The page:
To develop a focused panel of somatic mutations (SMs) present in the majority of urothelial bladder cancers (UBCs), to investigate the diagnostic and prognostic utility of this panel, and to compare the identification of SMs in urinary cell-pellet (cp)DNA and cell-free (cf)DNA as part of the development of a non-invasive clinical assay.
A panel of SMs was validated by targeted deep-sequencing of tumour DNA from 956 patients with UBC. In addition, amplicon and capture-based targeted sequencing measured mutant allele frequencies (MAFs) of SMs in 314 urine cpDNAs and 153 urine cfDNAs. The association of SMs with grade, stage, and clinical outcomes was investigated by univariate and multivariate Cox models. Concordance between SMs detected in tumour tissue and cpDNA and cfDNA was assessed.
The panel comprised SMs in 23 genes: TERT (promoter), FGFR3, PIK3CA, TP53, ERCC2, RHOB, ERBB2, HRAS, RXRA, ELF3, CDKN1A, KRAS, KDM6A, AKT1, FBXW7, ERBB3, SF3B1, CTNNB1, BRAF, C3orf70, CREBBP, CDKN2A, and NRAS; 93.5-98.3% of UBCs of all grades and stages harboured ≥1 SM (mean: 2.5 SMs/tumour). RAS mutations were associated with better overall survival (P = 0.04). Mutations in RXRA, RHOB and TERT (promoter) were associated with shorter time to recurrence (P < 0.05). MAFs in urinary cfDNA and cpDNA were highly correlated; using a capture-based approach, >94% of tumour SMs were detected in both cpDNA and cfDNA.
SMs are reliably detected in urinary cpDNA and cfDNA. The technical capability to identify very low MAFs is essential to reliably detect UBC, regardless of the use of cpDNA or cfDNA. This 23-gene panel shows promise for the non-invasive diagnosis and risk stratification of UBC.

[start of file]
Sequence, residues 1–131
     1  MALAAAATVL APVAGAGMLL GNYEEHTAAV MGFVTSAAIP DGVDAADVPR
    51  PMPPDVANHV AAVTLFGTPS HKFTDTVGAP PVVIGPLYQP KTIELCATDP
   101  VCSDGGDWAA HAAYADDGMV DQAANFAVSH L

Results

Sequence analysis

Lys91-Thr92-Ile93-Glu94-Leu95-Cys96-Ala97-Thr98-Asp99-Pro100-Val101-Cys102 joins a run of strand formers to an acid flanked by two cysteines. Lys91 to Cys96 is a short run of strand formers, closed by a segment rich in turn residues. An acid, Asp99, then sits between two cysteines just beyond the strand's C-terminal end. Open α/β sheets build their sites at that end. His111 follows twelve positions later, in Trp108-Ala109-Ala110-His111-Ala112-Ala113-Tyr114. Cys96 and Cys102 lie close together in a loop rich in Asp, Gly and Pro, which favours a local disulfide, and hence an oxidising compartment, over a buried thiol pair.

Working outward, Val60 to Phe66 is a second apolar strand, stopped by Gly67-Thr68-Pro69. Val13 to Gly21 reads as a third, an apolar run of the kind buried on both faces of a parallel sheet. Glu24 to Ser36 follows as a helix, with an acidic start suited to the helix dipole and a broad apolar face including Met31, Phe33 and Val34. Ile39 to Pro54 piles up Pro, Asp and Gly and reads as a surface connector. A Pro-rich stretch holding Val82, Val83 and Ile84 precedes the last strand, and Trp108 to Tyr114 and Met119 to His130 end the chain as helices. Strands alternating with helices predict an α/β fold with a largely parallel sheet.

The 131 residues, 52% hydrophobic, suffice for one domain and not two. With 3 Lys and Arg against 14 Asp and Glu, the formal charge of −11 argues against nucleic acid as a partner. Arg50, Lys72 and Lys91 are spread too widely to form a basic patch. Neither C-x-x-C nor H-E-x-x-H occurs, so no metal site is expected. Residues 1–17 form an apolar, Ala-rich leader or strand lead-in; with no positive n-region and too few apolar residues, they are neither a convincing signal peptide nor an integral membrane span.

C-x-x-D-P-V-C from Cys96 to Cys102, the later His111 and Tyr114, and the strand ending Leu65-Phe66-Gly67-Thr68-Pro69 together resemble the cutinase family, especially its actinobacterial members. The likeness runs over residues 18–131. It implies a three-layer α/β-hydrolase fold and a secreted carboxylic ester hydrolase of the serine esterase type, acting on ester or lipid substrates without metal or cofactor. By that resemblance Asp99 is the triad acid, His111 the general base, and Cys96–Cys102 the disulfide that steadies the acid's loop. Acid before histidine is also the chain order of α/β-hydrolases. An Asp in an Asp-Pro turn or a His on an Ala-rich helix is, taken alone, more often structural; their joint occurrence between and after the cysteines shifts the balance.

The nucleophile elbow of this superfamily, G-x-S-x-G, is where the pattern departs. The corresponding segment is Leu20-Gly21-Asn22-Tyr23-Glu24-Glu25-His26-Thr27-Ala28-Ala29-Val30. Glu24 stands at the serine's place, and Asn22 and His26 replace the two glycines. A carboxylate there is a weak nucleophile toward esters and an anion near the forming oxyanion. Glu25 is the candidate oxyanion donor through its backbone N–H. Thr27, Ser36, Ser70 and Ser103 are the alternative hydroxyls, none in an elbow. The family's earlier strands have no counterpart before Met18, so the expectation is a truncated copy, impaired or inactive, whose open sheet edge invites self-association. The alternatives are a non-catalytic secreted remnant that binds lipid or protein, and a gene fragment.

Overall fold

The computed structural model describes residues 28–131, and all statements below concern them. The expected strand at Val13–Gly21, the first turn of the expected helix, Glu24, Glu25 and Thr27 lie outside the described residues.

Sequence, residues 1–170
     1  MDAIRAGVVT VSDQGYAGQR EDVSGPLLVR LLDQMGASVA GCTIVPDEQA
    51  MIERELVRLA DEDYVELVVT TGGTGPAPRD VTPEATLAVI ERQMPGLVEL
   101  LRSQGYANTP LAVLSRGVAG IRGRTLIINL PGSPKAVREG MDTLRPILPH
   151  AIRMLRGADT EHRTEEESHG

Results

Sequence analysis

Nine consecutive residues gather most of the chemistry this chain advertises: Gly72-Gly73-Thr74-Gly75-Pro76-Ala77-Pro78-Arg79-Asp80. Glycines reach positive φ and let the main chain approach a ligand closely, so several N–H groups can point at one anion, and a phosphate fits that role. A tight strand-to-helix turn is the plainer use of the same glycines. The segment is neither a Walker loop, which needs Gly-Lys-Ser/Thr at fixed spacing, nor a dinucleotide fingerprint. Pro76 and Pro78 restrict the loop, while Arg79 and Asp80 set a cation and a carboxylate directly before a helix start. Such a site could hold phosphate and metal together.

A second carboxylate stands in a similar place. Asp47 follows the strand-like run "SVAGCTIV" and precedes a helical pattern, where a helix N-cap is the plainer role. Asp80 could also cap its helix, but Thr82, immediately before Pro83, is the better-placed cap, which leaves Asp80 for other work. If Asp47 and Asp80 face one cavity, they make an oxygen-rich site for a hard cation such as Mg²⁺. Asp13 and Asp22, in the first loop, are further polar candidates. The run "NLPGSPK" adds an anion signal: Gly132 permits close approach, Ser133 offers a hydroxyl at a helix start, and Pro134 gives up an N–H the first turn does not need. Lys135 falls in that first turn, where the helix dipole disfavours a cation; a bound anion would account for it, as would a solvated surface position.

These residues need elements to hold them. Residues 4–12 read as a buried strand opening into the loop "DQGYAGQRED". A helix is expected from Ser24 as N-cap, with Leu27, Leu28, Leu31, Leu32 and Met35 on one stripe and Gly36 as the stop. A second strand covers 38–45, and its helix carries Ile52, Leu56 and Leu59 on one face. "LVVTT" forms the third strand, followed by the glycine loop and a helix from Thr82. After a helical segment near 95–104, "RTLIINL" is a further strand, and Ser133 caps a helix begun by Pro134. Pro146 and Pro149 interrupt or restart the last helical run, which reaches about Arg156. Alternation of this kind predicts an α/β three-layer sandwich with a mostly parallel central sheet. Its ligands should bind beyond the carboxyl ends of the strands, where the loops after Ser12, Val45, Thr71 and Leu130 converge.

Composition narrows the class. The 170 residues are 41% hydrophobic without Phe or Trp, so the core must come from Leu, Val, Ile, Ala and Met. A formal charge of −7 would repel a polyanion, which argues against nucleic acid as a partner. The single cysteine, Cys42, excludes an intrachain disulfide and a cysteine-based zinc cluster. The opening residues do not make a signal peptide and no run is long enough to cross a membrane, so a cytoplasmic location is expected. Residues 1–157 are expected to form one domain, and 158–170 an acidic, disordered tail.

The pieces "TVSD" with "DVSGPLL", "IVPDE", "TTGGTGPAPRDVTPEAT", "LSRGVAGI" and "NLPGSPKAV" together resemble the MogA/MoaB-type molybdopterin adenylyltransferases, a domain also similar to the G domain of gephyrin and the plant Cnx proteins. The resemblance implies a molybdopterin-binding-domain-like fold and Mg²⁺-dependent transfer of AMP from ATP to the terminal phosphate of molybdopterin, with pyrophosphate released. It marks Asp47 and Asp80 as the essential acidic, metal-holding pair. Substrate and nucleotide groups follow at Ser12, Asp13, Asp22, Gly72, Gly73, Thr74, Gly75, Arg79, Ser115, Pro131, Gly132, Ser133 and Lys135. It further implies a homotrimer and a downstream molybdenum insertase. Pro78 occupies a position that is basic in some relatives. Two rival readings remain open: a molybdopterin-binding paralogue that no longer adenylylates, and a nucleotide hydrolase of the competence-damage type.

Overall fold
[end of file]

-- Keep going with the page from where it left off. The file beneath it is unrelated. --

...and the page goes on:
BJU international. 2019 May 11 [Epub ahead of print]
Douglas G Ward, Naheema S Gordon, Rebecca H Boucher, Sarah J Pirrie, Laura Baxter, Sascha Ott, Lee Silcock, Celina M Whalley, Joanne D Stockton, Andrew D Beggs, Mike Griffiths, Ben Abbotts, Hanieh Ijakipour, Fathimath N Latheef, Robert A Robinson, Andrew J White, Nicholas D James, Maurice P Zeegers, K K Cheng, Richard T Bryan
Institute of Cancer and Genomic Sciences, University of Birmingham, Birmingham, UK., Department of Computer Science, University of Warwick, Coventry, UK., Nonacus Limted, Birmingham Research Park, Birmingham, UK., West Midlands Regional Genetics Laboratory, Birmingham Women’s and Children’s NHS Foundation Trust, Birmingham, UK., NUTRIM School for Nutrition and Translational Research in Metabolism and CAPHRI Care and Public Health Research Institute, Maastricht University, Maastricht, The Netherlands., Institute of Applied Health Research, University of Birmingham, Birmingham, UK.